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NCJ Number: 204292 Find in a Library
Title: Restorative Justice for Adult Offenders: The New Zealand Experience (From Repositioning Restorative Justice, P 208-220, 2003, Lode Walgrave, ed., -- See NCJ-204284)
Author(s): Allison Morris; Gabrielle Maxwell
Date Published: 2003
Page Count: 13
Sponsoring Agency: Willan Publishing
Portland, OR 97213-3644
Sale Source: Willan Publishing
c/o ISBS, 5804 N.E. Hassalo Street
Portland, OR 97213-3644
United States of America
Type: Case Study
Format: Book (Softbound)
Language: English
Country: United States of America
Annotation: This chapter describes the process of restorative justice for adult offenders in New Zealand and discusses its implications for the state.
Abstract: In practice, most restorative justice programs deal with juvenile offenders, although the concept is not limited to juvenile justice. In New Zealand there was considerable support for restorative justice programs for adult offenders. In response, three community panel pilot programs were implemented to divert adult offenders appearing before the criminal courts. A fourth pilot program implemented restorative justice conferences which voluntarily bring together the offender, the victim, and their supporters to discuss the offense and find an equitable solution. The plan is then submitted to the referring judge who decides the ultimate sanction. In New Zealand restorative justice practices deal with serious offenders, unlike restorative practices in other countries which limit participation to minor offenders. Domestic violence cases, however, are excluded from the restorative process in New Zealand. An analysis of the process and outcomes of the restorative process in New Zealand reveals significant benefits for adult offenders, their victims, and the state. Most participants of restorative practices expressed satisfaction with being able to participate in the legal process and repair the harm caused by the offense. Moreover, applying restorative justice programs to adult offenders benefits the state in two main ways. First, the adult offenders who participated in two of the pilot programs had lower reconviction rates following completion of the programs than did a control group of matched offenders who were subjected to the traditional criminal justice process. Restorative justice participants who were reconvicted, were reconvicted of less serious offenses than their control group counterparts. The second benefit to the state involves a significant cost savings because the use of restorative processes limits the amount of cases going through the courts and on to custody. While the application of restorative justice processes to adult offenders in New Zealand has seemed effective, evaluation of restorative justice conferences is just beginning. More data is needed before undertaking a widespread application of restorative justice practices for adult offenders. Notes, references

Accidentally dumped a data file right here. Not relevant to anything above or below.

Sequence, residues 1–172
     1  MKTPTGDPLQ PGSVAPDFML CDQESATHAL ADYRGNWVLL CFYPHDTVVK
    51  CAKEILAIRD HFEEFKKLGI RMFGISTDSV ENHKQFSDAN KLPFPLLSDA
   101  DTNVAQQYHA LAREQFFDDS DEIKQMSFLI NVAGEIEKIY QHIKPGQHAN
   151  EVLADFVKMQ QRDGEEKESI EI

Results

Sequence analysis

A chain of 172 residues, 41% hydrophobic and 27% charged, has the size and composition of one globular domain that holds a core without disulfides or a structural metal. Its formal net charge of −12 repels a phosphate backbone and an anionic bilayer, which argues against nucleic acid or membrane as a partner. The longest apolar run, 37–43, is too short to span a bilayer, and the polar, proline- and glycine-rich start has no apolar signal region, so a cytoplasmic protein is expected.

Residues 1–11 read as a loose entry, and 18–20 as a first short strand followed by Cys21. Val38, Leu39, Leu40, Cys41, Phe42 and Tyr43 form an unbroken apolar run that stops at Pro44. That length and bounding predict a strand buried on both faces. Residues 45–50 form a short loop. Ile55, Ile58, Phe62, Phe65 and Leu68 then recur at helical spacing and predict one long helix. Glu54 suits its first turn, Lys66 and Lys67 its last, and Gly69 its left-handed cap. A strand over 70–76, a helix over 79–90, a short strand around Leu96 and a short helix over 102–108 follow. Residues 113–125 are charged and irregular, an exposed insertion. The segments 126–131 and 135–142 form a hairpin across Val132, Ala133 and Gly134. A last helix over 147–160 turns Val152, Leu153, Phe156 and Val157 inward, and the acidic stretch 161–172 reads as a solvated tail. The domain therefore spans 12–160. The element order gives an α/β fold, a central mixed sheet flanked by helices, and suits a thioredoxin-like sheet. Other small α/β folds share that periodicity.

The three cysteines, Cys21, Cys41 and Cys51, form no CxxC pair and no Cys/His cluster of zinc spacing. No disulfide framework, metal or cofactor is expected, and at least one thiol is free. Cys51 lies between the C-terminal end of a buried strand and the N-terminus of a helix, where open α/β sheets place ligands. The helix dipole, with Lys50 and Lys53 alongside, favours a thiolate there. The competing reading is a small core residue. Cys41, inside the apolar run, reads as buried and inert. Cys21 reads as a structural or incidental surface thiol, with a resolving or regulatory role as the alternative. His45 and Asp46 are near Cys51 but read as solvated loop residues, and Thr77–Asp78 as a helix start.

Main Term(s): Adult offenders; Restorative Justice
Index Term(s): Family conferencing; Judicial process; New Zealand; Recidivism
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